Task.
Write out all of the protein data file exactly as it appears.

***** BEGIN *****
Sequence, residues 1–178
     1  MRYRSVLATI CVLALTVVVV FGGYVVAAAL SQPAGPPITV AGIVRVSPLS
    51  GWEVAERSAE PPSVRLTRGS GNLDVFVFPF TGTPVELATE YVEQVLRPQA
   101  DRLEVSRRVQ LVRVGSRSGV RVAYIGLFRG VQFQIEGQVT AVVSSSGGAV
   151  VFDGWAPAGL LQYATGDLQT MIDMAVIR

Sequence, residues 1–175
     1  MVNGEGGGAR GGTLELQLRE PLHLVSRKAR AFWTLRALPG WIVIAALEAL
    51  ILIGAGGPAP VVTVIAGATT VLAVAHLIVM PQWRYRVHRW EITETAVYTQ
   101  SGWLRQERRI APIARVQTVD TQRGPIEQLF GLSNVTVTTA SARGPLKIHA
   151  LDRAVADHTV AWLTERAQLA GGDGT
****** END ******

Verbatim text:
Sequence, residues 1–178
     1  MRYRSVLATI CVLALTVVVV FGGYVVAAAL SQPAGPPITV AGIVRVSPLS
    51  GWEVAERSAE PPSVRLTRGS GNLDVFVFPF TGTPVELATE YVEQVLRPQA
   101  DRLEVSRRVQ LVRVGSRSGV RVAYIGLFRG VQFQIEGQVT AVVSSSGGAV
   151  VFDGWAPAGL LQYATGDLQT MIDMAVIR

Sequence, residues 1–175
     1  MVNGEGGGAR GGTLELQLRE PLHLVSRKAR AFWTLRALPG WIVIAALEAL
    51  ILIGAGGPAP VVTVIAGATT VLAVAHLIVM PQWRYRVHRW EITETAVYTQ
   101  SGWLRQERRI APIARVQTVD TQRGPIEQLF GLSNVTVTTA SARGPLKIHA
   151  LDRAVADHTV AWLTERAQLA GGDGT